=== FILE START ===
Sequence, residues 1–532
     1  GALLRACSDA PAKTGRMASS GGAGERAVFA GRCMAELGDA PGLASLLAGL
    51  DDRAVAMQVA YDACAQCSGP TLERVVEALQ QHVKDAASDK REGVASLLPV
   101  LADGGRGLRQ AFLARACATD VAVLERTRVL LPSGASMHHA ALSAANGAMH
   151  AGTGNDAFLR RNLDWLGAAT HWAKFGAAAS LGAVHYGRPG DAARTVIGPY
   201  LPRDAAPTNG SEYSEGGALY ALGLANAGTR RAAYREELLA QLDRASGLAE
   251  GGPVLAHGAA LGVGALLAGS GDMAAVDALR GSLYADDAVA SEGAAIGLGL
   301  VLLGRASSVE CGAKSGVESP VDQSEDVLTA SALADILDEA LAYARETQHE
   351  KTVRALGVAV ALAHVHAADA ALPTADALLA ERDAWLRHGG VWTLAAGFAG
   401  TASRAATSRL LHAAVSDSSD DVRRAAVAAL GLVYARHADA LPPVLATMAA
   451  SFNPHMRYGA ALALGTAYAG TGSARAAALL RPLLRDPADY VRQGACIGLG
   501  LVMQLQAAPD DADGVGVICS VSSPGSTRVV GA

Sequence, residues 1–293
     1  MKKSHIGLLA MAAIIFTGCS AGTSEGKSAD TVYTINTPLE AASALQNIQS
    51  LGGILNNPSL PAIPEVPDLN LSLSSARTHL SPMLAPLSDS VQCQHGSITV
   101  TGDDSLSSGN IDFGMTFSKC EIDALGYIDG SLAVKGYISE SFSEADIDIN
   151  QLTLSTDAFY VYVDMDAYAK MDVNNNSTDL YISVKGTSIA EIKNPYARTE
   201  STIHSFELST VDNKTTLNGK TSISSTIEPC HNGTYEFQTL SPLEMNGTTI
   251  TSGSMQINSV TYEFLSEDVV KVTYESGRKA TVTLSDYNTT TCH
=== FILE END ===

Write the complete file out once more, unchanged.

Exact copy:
Sequence, residues 1–532
     1  GALLRACSDA PAKTGRMASS GGAGERAVFA GRCMAELGDA PGLASLLAGL
    51  DDRAVAMQVA YDACAQCSGP TLERVVEALQ QHVKDAASDK REGVASLLPV
   101  LADGGRGLRQ AFLARACATD VAVLERTRVL LPSGASMHHA ALSAANGAMH
   151  AGTGNDAFLR RNLDWLGAAT HWAKFGAAAS LGAVHYGRPG DAARTVIGPY
   201  LPRDAAPTNG SEYSEGGALY ALGLANAGTR RAAYREELLA QLDRASGLAE
   251  GGPVLAHGAA LGVGALLAGS GDMAAVDALR GSLYADDAVA SEGAAIGLGL
   301  VLLGRASSVE CGAKSGVESP VDQSEDVLTA SALADILDEA LAYARETQHE
   351  KTVRALGVAV ALAHVHAADA ALPTADALLA ERDAWLRHGG VWTLAAGFAG
   401  TASRAATSRL LHAAVSDSSD DVRRAAVAAL GLVYARHADA LPPVLATMAA
   451  SFNPHMRYGA ALALGTAYAG TGSARAAALL RPLLRDPADY VRQGACIGLG
   501  LVMQLQAAPD DADGVGVICS VSSPGSTRVV GA

Sequence, residues 1–293
     1  MKKSHIGLLA MAAIIFTGCS AGTSEGKSAD TVYTINTPLE AASALQNIQS
    51  LGGILNNPSL PAIPEVPDLN LSLSSARTHL SPMLAPLSDS VQCQHGSITV
   101  TGDDSLSSGN IDFGMTFSKC EIDALGYIDG SLAVKGYISE SFSEADIDIN
   151  QLTLSTDAFY VYVDMDAYAK MDVNNNSTDL YISVKGTSIA EIKNPYARTE
   201  STIHSFELST VDNKTTLNGK TSISSTIEPC HNGTYEFQTL SPLEMNGTTI
   251  TSGSMQINSV TYEFLSEDVV KVTYESGRKA TVTLSDYNTT TCH